February 2011 #3. Small World Hawaii Style.

Authorby Ed Kemper

Hawaii Bar Journal


February 2011 #3.

Small World Hawaii Style

Hawaii State Bar JournalFebruary 2011Small World Hawaii Styleby Ed KemperIn an isolated part of Kenya, a small village of 100 nomadic herdsmen and their families were suffering a 100-year drought, which killed off the focus of their livelihood: their cows. To these families, cows are the key to their survival and social structure. Not only do the cows provide a daily supply of food in the form of cow's blood mixed with milk, but also their dung is used to build their houses. The cows are also a form of currency and are even given as dowry. Since the cows, goats, and sheep eat the grass in the area every three months or so, the village has to move in that time frame with their mobile-house-making-factories-the cows.

So how does a group of Hawaii lawyers and their friends end up helping these desperate herdsmen? Attorney Jack Dwyer and his wife Barbara were traveling in Kenya a number of years ago to view the Great Migration when two million Wildebeest move en masse to a new grazing site. At one of the camps ites, they met a guide that truly impressed them. His name was Sammy Leseita Lemoonga, and he happened to be from this small nomadic group. Sammy, prior to age 13, had no idea about the world beyond fifty miles from where he was born. But at that age some Catholic missionaries showed up at his village to see if one of their members could leave the village to attend school. Sammy was chosen and off he went.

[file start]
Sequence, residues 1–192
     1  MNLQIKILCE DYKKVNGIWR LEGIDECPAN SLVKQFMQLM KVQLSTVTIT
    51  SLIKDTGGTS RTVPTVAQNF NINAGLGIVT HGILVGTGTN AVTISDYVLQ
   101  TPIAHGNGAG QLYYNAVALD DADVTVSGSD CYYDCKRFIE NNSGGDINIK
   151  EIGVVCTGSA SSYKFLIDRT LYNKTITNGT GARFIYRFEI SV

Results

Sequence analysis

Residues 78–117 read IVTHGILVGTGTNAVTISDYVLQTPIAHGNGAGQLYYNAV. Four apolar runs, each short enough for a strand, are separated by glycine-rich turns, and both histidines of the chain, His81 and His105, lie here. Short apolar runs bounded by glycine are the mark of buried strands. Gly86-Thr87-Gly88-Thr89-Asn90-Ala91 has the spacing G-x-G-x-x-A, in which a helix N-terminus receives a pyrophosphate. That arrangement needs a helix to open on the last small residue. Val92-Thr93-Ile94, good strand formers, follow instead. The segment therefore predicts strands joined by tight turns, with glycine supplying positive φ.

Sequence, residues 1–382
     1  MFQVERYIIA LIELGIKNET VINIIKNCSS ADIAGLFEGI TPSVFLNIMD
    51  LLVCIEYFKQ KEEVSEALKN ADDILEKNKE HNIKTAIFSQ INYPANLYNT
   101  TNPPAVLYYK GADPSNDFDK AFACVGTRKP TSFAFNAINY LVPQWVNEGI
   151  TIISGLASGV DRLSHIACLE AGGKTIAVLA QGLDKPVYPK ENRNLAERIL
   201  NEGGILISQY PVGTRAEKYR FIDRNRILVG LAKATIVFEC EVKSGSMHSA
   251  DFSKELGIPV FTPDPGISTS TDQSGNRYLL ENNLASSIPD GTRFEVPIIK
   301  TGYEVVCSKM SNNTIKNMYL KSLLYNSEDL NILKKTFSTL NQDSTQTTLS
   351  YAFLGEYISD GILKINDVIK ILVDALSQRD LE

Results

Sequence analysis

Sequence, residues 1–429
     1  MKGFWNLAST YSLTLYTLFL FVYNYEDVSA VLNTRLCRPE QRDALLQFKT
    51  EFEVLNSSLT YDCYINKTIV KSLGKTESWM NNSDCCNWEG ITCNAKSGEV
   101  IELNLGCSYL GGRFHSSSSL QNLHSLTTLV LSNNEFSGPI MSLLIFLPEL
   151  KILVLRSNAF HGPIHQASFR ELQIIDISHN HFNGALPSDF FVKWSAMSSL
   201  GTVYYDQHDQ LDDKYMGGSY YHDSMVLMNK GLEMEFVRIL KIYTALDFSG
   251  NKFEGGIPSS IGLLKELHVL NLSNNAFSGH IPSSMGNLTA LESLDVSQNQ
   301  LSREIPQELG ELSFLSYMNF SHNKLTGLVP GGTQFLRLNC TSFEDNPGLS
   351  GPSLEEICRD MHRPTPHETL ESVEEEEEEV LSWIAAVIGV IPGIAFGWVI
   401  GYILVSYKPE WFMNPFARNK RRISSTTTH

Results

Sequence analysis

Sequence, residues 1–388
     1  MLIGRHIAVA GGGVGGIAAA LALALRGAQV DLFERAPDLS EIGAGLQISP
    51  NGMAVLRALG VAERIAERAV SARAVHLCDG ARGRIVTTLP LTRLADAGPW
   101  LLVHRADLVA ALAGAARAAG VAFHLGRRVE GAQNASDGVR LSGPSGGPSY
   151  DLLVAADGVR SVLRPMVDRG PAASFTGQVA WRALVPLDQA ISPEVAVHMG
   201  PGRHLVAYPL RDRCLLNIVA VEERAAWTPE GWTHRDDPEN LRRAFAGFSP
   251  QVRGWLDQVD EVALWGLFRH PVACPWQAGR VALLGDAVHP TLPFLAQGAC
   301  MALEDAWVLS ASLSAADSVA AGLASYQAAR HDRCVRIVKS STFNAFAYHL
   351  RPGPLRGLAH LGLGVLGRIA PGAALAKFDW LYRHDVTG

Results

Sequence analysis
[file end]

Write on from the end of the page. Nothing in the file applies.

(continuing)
Fast forward to meeting with the Dwyers. A friendship developed that ultimately resulted in their assisting Sammy in coming to Hawaii and gaining admission to Hawaii Pacific University ("HPU"). When the Dwyers heard about the drought and its impact from Sammy, they decided to help by buying a couple head of...

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